Check out Merri Creek Management Committee's recent achievements by reading our latest Annual Report. Here's a few snapshots for the year:
Each year World Wetlands Day marks the anniversary of the signing of the Convention on Wetlands of International Importance Ramsar Convention in Ramsar, Iran, on 2 February 1971.
This year Merri Creek Management Committee (MCMC) joined forces with the Friends of Merri Park for a wetland walk, talk and litter clean up at the beautiful Merri Park wetland in Northcote. This wetland was developed in 1999, after almost two decades of community advocacy and planning. MCMC, with Melbourne Water and the City of Darebin were key partners in its development.
Federal Communities Environment Program: At very short notice we helped prepare eight Expressions of Interest for this grant program, in close consultation with Friends of Merri Creek and Wallan Environment Group. Seven of these applications were successful and the funded projects have been confirmed (details below). We are very appreciative of the support shown for Merri Creek restoration by our local federal MPs.
Hume City Council Community Partnership Grant: We are delighted to have a $10,000 grant for the first year of A Little Nature Play in Hume. The three-year project will enable Merri Creek Management Committee staff to support and lead outdoor nature play in the City of Hume. Funding for the second and third years is contingent on the success of the first year.
The first activity of MCMC's Upper Merri Sodic & Erosive Soils Working Group kicked off with a special presentation by eminent soil scientist Dr Robert van de Graaff in October. Dr van de Graaff explained that due to the geological and climate history of the Merri Creek catchment, most soils in the catchment are sodic and thus highly susceptible to erosion. These soils present major challenges for urban development and until now have been largely overlooked. Detailed mapping of the soils and assessment of the degree of risk they pose is sorely needed. Dr van de Graaff's presentation is here (8.8MB pdf).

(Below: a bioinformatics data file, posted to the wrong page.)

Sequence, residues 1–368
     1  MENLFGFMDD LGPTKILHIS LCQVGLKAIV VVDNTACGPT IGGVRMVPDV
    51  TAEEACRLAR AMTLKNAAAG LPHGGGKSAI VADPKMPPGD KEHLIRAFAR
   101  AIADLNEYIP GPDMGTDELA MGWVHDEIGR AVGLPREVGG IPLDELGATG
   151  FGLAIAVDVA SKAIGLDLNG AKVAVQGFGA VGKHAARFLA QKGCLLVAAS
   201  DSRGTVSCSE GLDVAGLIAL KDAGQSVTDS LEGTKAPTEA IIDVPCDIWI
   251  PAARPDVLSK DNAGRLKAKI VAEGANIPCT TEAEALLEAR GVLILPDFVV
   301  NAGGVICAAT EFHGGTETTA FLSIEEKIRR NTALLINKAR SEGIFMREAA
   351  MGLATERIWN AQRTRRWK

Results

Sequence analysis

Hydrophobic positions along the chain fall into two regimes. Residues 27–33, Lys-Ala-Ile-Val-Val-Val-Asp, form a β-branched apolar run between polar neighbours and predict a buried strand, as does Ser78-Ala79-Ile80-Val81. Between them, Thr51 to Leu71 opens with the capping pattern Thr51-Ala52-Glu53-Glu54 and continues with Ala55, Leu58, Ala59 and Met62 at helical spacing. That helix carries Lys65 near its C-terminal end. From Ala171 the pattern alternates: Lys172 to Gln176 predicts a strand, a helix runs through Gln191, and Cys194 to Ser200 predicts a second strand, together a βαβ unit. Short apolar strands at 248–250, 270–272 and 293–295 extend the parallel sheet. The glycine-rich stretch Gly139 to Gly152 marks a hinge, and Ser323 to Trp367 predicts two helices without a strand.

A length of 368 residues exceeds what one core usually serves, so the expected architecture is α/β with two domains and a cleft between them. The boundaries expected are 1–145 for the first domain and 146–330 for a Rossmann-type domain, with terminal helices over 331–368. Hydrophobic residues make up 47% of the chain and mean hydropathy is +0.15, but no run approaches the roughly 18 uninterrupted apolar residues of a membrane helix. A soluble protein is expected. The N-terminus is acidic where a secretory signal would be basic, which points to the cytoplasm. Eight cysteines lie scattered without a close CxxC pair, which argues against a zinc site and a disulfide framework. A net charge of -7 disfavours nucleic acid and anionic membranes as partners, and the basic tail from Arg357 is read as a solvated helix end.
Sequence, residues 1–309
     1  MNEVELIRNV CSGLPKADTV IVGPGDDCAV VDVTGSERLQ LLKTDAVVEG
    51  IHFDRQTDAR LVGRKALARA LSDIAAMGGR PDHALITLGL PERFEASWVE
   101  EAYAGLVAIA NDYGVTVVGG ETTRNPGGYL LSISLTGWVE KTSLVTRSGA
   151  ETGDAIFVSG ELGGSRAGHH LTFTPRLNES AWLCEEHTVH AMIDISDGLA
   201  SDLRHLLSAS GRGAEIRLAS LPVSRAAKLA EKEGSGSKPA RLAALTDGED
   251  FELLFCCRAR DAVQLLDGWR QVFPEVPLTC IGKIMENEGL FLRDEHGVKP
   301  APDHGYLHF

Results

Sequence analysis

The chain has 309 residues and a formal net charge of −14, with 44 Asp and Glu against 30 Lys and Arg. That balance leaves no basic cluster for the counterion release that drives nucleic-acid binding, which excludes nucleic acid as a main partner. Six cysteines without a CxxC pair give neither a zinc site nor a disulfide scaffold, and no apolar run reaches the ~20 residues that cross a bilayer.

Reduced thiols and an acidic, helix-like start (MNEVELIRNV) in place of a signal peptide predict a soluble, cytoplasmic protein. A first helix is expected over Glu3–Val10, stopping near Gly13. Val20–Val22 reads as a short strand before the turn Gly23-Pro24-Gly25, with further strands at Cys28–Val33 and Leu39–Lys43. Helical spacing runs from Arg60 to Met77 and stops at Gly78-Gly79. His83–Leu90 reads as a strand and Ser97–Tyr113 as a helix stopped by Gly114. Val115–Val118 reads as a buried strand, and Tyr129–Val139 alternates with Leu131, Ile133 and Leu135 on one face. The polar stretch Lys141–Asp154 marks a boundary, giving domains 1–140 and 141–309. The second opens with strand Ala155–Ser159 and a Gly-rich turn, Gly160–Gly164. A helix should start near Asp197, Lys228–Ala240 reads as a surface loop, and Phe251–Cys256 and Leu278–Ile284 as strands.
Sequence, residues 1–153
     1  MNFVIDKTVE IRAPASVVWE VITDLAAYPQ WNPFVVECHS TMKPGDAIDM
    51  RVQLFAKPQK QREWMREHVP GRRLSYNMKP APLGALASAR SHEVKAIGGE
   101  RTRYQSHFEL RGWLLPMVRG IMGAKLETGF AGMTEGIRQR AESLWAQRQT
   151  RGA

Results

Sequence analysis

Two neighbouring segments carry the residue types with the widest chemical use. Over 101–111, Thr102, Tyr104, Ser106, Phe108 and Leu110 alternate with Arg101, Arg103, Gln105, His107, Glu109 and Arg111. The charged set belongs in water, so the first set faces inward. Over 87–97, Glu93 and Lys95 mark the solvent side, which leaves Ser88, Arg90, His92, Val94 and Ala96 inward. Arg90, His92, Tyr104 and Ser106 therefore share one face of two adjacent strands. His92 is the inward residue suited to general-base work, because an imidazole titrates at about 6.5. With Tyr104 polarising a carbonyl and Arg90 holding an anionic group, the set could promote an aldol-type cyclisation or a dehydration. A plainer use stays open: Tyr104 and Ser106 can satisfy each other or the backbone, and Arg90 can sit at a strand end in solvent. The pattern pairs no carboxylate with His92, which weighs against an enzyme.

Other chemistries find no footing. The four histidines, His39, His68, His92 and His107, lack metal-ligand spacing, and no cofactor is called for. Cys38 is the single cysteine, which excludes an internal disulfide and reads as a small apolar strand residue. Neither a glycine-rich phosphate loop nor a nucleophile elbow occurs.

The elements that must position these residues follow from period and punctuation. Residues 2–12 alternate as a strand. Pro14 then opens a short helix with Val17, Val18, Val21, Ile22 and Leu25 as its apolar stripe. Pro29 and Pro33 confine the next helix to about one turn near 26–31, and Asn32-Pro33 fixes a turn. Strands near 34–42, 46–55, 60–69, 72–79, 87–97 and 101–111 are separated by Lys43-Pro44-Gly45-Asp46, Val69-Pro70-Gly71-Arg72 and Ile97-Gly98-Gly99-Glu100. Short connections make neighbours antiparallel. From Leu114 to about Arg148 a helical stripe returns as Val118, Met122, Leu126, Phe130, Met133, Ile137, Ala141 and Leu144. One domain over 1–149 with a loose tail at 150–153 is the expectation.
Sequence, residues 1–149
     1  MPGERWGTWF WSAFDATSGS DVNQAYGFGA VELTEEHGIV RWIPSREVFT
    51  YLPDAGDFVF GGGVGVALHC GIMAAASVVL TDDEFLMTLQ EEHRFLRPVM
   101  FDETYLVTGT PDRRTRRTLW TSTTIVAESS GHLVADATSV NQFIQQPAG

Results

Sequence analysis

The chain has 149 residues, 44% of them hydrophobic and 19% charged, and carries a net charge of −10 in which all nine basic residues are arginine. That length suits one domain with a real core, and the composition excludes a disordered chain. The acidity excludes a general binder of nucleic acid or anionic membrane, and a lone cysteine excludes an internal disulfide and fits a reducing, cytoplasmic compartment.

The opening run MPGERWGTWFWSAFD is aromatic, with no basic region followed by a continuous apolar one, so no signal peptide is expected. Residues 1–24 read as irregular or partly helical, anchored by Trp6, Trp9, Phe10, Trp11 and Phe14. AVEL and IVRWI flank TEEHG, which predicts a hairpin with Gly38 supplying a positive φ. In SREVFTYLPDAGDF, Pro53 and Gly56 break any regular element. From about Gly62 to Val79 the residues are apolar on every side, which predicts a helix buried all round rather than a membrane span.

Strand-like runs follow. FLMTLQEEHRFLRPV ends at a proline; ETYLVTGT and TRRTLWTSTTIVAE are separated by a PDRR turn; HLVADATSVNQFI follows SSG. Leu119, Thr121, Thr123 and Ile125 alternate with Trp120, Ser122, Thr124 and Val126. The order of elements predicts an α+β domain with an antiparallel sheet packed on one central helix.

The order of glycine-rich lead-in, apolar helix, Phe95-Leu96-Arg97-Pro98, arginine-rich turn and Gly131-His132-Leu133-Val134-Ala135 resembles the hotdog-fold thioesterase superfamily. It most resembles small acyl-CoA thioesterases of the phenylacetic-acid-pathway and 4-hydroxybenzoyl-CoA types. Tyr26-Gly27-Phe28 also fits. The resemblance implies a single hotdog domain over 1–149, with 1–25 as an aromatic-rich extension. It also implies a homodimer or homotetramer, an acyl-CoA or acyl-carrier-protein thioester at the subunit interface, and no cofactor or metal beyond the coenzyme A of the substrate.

Photo: The muddy Merri (foreground), thick with sediment from sodic soils in the upper catchment, meets the Yarra, June 2018 © Katrina Roberg
We applaud Moreland Council's initiative in purchasing Merri Creek open space at 1-17 Leonard St, and 154-156 McBryde St Fawkner from the State Government. This 0.7 hectare site includes part of the Merri Creek Trail and contains a precious remnant of the critically endangered Victorian Volcanic Plains Grassland plant community. The McBryde St frontage makes a good local entry point to the Merri Trail and parklands and has potential to be much enhanced. In the vicinity are ideal areas for bush kinder visits and general nature play. More details on the site and its values are here.
The Friends of Merri Creek will help restore the native grassland at this site with their recently awarded grant from the Federal Communities Environment Program.